With the introduction of SAP S/4HANA, our next-generation business suite, businesses can meet the challenge of the Networked Economy. Here’s how:

  1. Re-imagine your business model by simplifying business collaboration to connect people, devices and business networks in real time. Embrace high-precision targeting and social marketing, demand-driven supply chains with downstream demand visibility, smarter business planning with real-time scheduling and simulations, and proactive risk management with powerful pattern recognition.
  2. Re-imagine decision making by getting insight on any data from anywhere in real time to accelerate and intensify business impacts. Connect contextual data and business users at the point of decision.
  3. Re-imagine your business processes by focusing on essential tasks in real time – with the flexibility to adapt quickly. SAP S/4HANA offers a single data foundation where both transactional and analytical workloads can be executed and the gap between insights and action is closed.
  4. Re-imagine the user experience by completing the job across lines of business with a personalized, simple user experience on any device. Embed data mining and predictive tools in front-end applications. This empowers employees to make better, more informed decisions and respond to today’s real-time business challenges – even if they do not have a PhD in data science.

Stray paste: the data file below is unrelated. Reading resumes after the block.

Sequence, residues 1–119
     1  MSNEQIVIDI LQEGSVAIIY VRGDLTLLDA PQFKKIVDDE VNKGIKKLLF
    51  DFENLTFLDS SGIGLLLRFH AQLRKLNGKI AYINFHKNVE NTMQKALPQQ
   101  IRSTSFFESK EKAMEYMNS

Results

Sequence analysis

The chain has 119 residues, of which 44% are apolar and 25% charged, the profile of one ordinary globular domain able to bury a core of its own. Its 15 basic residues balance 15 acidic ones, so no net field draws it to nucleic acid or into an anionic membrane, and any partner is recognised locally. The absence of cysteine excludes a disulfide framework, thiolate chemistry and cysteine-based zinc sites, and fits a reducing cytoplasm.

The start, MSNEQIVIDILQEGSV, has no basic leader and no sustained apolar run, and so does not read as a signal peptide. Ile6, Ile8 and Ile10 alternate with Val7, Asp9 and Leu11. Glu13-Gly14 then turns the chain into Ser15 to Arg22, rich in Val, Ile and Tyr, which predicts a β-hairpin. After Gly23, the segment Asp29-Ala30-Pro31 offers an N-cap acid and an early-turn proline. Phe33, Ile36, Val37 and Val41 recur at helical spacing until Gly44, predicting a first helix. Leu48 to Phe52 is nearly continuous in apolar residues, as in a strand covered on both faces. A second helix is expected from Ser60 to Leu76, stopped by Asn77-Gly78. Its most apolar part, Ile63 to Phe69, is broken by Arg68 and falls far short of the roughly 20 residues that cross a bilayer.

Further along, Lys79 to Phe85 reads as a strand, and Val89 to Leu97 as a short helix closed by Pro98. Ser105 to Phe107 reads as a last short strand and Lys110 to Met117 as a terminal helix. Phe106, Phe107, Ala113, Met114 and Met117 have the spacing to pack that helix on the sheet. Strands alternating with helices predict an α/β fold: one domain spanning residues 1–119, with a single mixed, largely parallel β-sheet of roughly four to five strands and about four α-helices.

Learn More

We’re all experiencing a revolutionary time in the world’s economic history. Companies that embrace this change by using data and networks to connect and collaborate with their suppliers, peers, and customers will succeed in the networked economy. For more perspectives on the networked economy and its impact on our world, check out Conversations on the Networked Economy or to learn more about SAP S/4HANA.

This story originally appeared on The Guardian.